Weapons of World War Two
The strange aircraft illustrated here is probably unknown for many because it had a secondary role in the war theater. It had not exceptional qualities, as the Spitfire, nor was it built in large numbers, as the C 47 Skytrain, neither it transported very important personages as the Fieseler 156 Storch did. Despite of this, the small Westland Lysander ("Lizzie" for its crews) immediately demostrated to be a multifaceted aircraft, albeit in some occasions it was forced to be such, and it had a rather long operative life, from 1938 to the late 1944.
When in June 1936 it effectuated its first flight, the Royal Air Force had not yet outlined well its physiognomy. The Spitfire had flown for the first time in March of that year, and there were in service aircraft such as the biplane seaplane Walrus, bombers which aged early, such as the Vickers Wellesley or the Fairey Battle, and fighters of outdated formula, such as the biplane Gloster Gladiator. Within these companions the Lysander, which was clearly a transition aircraft, was initially classified as fighter, to be promptly passed to the more adequate role of liaison aircraft.
At the beginning of the war it formed a certain number of small squadrons, some of which were sent to France, where they were soon bled in the unequal fight against the German aircraft, of more modern conception, acting generally for liaison, but also as transporters, and sometimes as fighters. During the tragic days of Dunkirk they gave, as much as they could, air cover to the encircled British troops, and they were the last aircraft that left the continent before secluding themselves in an England sieged by Hitler, who seemed about to disembark his troops in British land.
The Lysander would soon return to the European skies, but not like their "large brothers", which arrived roaring to bombard Germany. On the contrary, these aircraft would try to arrive to occupied territories on the most anonymous and silent way possible. The Lysander would become a famous "air bridge" for spies and saboteurs, and a tireless "mailbox" for the members of the Resistance in every corner of Europe. The aircraft had the possibility of landing in very short terrains, of barely some dozens of meters, and its robust landing gear allowed it to take off even in unprepared runways.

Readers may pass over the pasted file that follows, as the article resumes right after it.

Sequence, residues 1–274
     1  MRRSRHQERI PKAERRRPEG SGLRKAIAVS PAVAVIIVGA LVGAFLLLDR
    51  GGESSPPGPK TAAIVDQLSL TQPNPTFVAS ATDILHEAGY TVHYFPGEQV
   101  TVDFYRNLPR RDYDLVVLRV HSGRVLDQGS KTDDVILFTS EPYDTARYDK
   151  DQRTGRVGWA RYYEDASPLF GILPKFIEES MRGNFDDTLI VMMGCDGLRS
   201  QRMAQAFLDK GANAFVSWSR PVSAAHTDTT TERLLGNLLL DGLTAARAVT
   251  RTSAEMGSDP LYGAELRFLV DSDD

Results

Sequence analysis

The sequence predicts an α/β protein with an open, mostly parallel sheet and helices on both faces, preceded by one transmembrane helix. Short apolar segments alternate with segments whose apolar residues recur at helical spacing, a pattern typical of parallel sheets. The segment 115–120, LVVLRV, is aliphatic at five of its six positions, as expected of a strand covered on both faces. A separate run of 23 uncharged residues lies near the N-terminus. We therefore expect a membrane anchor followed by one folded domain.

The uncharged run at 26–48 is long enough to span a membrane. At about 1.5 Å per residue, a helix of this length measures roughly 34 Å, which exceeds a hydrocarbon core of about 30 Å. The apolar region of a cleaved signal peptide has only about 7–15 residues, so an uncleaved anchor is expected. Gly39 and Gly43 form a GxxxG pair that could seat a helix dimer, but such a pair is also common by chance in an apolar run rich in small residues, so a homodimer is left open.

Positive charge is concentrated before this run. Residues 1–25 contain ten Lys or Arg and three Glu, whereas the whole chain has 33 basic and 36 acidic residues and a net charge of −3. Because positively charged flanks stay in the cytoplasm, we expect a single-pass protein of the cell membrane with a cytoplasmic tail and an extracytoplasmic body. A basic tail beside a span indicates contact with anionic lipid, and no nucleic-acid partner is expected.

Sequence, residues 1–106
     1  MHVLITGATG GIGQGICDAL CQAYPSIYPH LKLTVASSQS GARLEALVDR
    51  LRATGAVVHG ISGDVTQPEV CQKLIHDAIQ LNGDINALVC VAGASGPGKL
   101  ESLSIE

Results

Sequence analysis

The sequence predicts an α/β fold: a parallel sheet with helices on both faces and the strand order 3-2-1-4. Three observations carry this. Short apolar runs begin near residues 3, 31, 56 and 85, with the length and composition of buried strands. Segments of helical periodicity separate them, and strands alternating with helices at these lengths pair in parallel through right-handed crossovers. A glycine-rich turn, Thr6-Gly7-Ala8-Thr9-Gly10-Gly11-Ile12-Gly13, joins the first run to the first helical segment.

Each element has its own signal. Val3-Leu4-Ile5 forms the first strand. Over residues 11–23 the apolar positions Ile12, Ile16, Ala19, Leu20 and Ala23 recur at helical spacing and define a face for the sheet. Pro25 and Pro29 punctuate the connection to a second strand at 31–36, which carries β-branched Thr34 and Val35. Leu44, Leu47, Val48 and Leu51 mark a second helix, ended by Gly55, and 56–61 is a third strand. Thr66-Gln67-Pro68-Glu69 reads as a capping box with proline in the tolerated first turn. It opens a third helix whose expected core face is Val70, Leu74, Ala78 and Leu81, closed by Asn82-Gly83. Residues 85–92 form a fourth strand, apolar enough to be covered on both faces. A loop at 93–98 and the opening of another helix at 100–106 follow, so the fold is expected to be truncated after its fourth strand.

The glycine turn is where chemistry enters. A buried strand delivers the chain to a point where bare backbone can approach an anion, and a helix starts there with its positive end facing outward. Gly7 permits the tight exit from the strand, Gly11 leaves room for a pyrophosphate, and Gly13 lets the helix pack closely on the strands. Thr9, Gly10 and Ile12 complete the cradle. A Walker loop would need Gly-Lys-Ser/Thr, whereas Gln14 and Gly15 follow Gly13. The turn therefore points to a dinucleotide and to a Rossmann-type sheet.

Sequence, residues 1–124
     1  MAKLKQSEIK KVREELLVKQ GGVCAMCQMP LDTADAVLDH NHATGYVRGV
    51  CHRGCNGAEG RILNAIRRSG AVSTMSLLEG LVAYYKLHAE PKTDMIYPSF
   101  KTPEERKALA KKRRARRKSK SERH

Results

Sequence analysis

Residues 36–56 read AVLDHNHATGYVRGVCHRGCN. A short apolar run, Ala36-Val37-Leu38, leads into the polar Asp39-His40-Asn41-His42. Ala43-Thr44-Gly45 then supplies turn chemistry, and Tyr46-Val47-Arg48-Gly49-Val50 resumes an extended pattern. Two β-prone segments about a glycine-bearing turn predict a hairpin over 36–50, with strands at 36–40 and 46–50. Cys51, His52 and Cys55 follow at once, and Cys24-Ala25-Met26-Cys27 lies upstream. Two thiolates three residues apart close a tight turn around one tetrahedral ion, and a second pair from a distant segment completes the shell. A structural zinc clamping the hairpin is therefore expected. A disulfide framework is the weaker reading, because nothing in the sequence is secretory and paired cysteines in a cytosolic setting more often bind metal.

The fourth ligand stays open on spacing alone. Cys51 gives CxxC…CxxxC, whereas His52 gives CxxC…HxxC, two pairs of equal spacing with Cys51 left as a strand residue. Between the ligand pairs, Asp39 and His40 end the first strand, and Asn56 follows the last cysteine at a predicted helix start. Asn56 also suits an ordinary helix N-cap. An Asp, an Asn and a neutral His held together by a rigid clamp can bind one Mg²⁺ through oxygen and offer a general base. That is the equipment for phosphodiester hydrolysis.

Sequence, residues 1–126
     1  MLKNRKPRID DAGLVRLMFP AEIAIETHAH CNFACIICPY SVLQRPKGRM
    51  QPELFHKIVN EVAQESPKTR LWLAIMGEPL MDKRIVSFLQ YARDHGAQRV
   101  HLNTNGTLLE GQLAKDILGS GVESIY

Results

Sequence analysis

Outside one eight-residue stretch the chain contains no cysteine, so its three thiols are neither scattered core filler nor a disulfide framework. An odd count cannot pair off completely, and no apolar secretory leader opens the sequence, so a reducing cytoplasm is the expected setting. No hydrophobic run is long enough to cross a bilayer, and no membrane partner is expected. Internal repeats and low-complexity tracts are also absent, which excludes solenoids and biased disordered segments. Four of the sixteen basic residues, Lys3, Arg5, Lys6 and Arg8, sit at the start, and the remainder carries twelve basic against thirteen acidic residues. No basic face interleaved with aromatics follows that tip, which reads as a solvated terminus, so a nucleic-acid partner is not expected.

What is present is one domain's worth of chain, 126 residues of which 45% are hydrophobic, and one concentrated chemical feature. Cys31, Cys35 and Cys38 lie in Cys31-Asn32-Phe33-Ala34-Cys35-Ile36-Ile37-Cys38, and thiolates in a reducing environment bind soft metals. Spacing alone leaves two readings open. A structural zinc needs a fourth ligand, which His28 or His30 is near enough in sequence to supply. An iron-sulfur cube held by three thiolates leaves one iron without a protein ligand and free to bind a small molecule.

When later the engine, a radial Bristol Mercury XII of nine cylinders, which developed 890 horsepower, was replaced by the smaller model XX of 870 horsepower, and it was applied to the fuselage a supplementary deposit, like in the aircraft depicted in the illustration, the Lysander got to have an operational range of more than 1500 kilometers. Structurally it was a single-engined high-winged monoplane with fixed landing gear. This one was a characteristic element, for inside each fairing there was one 7.7-millimeter machine gun, whereas in the exterior, in the side opposite to the engine, the fairing was linked to a small wing surface fitted on its lower part with clamp points for transporting antipersonnel bombs.
An orientable machine gun in the rear part of the cockpit, served by the telegraphist-machine gunner, completed the armament. In the models destined to serve as liaison for the Resistance, the drop armament was removed, and in the left side it was attached a ladder, to ease the access into the cockpit. In the spacious cockpit, gifted with wide visibility, could be accommodated a passenger, generally with "one way ticket". The Lysander, of which 1368 exemplars would be built, would operate until the first days of 1945, when it would be replaced by more modern aircraft, giving with its flights a very valuable contribution to the fight of the members of the diverse resistance movements.
First flight: June 1936
Wingspan: 15.23 meters
Wing area: 24.15 square meters
Length: 9.32 meters
Height: 5.45 meters
Full load/Empty weight: 2865/1979 kilograms
Payload/Crew: 886 kilograms/2 plus one passenger
Engine: Bristol Mercury XX of 870 horsepower
Time to reach 1500 meters of altitude: 4 minutes 11 seconds
Maximum speed at 1500 meters: 341 kilometers/hour
Service ceiling: 6500 meters
Defensive armament: Two Browning 7.7-millimeter machine guns and one orientable Lewis 7.7-millimeter machine gun firing backwards
Drop armament: Up to 227 kilograms of bombs
Operational range: 965 kilometers
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